A Sword By Any Other Name (…Would Still Just Be a Hunk of Sharpened Steel)

The Grande Ludovisi Sarcophagus – Depicting battle between Roman soldiers and Goth warriors.

“Every writer making a secondary world wishes in some measure to be a real maker, or hopes that he is drawing on reality: hopes that the peculiar quality of this secondary world (if not all the details) are derived from Reality, or are flowing into it.” ~J.R.R. Tolkien

Names—I haz ‘em: Lots of ‘em. My trilogy is based on the world of the epic culture clash between the Germanic tribe of the Goths and the ancient Roman Empire. Tom Shippey, Tolkien’s biographer, makes a case in J.R.R. Tolkien: Author of the Century, that for Tolkien everything started with the names. I took him to heart. One of the first things I did, before I wrote a single line of prose, was to come up with the names.

I just found my notes, dated January ’04 (I started outlining the story in November of ’03). I made lists of Gothic, Old Norse, Greek, and Latin words I thought were pertinent to the story and the world I wanted to create. I invented names not only for characters, but for nations, tribes, cities, seas, provinces, empires (yes, plural), oaths, clans, religious elements and ceremonies. I have characters with invented names as well as invented titles, and even invented nicknames. I even named a few swords (are you scared yet?). Heck, I even named the horses; over a dozen of them (now you’re scared, right?).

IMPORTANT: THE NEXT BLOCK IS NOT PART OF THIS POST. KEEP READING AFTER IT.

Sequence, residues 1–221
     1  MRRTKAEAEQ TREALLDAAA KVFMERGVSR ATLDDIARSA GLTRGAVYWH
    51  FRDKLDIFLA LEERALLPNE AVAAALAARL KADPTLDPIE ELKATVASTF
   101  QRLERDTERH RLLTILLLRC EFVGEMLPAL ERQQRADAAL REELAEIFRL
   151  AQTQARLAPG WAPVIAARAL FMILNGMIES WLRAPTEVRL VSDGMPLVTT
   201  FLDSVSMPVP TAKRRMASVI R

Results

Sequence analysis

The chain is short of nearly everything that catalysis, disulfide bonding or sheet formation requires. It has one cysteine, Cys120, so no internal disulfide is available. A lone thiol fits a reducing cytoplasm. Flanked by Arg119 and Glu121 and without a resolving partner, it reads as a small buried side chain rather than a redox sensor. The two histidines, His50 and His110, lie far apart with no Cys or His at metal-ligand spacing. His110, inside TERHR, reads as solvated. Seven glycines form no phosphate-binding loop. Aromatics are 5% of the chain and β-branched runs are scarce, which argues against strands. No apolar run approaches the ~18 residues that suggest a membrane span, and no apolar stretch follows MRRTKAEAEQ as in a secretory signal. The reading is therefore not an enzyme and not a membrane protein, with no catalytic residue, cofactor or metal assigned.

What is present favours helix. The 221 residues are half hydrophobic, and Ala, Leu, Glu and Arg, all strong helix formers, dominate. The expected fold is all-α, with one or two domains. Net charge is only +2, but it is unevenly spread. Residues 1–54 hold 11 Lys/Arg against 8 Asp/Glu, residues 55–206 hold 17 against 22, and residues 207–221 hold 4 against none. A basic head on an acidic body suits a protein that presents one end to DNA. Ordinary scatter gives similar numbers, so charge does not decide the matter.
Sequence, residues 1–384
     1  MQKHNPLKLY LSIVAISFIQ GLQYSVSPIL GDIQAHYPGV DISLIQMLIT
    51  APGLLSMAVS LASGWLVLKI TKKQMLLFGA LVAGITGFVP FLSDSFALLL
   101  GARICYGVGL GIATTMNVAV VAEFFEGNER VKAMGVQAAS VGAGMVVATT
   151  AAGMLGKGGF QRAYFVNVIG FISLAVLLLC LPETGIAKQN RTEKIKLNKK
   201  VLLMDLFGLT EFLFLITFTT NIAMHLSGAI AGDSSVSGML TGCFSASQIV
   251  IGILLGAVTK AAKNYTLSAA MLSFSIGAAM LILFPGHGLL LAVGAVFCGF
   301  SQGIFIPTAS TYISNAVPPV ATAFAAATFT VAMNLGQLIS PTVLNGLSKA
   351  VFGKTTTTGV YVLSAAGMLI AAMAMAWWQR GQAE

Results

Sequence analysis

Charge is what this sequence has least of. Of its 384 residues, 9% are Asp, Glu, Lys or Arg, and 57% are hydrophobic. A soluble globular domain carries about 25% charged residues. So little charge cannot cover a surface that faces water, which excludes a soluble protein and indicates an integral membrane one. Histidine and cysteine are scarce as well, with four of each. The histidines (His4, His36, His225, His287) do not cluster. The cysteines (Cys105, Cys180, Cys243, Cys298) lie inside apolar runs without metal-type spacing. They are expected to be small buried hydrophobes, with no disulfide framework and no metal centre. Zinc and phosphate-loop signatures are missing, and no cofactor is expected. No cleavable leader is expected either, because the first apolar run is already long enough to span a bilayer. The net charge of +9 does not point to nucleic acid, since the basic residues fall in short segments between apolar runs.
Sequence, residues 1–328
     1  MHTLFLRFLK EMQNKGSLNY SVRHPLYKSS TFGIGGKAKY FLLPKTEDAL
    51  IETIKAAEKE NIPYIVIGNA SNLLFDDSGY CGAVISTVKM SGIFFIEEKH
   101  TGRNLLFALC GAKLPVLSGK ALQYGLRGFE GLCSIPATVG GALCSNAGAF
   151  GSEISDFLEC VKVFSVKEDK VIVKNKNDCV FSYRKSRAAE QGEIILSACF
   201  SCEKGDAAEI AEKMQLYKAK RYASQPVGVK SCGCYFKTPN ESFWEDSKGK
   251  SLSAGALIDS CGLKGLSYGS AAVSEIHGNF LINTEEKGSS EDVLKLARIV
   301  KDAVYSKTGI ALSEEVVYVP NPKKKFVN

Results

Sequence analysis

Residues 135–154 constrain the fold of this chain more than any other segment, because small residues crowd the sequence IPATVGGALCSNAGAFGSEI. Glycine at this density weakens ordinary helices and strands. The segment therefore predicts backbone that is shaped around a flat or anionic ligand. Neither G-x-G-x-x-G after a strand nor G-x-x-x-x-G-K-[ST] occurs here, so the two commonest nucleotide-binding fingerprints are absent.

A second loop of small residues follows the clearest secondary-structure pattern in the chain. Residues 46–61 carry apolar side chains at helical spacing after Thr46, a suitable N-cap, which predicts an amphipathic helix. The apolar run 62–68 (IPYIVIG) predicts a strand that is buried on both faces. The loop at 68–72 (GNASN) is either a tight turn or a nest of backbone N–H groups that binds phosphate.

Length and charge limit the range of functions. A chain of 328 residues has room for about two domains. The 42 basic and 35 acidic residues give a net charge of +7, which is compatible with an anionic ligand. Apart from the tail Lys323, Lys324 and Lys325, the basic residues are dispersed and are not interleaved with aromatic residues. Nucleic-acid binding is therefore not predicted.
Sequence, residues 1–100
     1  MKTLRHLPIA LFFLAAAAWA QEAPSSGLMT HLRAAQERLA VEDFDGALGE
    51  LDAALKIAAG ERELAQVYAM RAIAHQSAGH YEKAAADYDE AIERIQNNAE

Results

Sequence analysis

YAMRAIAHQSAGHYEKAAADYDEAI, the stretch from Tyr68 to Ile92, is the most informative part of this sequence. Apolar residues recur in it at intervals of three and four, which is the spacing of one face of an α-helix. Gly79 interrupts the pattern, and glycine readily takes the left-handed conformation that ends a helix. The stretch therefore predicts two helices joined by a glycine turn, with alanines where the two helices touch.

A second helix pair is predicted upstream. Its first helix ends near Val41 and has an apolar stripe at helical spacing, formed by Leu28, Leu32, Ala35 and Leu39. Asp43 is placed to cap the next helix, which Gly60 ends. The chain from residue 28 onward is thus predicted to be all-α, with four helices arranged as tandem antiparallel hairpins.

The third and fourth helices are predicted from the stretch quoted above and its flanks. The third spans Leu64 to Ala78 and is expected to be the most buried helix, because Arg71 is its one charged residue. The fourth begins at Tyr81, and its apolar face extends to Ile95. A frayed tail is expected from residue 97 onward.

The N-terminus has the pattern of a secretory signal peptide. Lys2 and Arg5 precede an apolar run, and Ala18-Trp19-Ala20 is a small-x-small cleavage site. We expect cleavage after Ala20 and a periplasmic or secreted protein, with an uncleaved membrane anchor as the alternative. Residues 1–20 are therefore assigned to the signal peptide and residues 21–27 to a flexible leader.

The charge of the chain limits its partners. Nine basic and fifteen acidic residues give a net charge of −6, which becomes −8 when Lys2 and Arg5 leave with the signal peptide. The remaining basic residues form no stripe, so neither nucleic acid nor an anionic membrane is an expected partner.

“Names, especially names which are not strictly necessary, weight a narrative with the suggestion of reality.” ~Tom Shippey  

Namey-Namer: So did I do this just to emulate my literary hero? Just to be clever? Well, maybe those were a tiny part of it. But it turned out to be a very immersive exercise. In some cases, I’m not sure if I created the name to fit the character or the character emerged from the name. For example, my heroine’s name is Ainsela. She is the daughter of a warrior queen, and her birth was associated with the coming of a prophesied upheaval for her people. In the ancient Gothic language, áin is one, but áina is a ‘particular’ one—it denotes a certain or special singularity. Sela is a Greek moon goddess, but in Gothic a silda is a wonder or a marvel. Ainsela’s tribe’s patron goddess is a Teutonic moon goddess, Horsella, who is also the patron of untamed nature and all things wild. Hence, Ainsela is ‘the special one, a marvel, born of untamed nature.’

Yes, I did something like this for every one of my names. Not all of them were quite this elaborate, but they all have meaning. Some I just had fun with, for example the names of two of the Roman antagonists. Malvius is rooted in the Latin malevelle: of evil intent. And Turgian is from the Latin turgere: to swell (as in his head, with pride).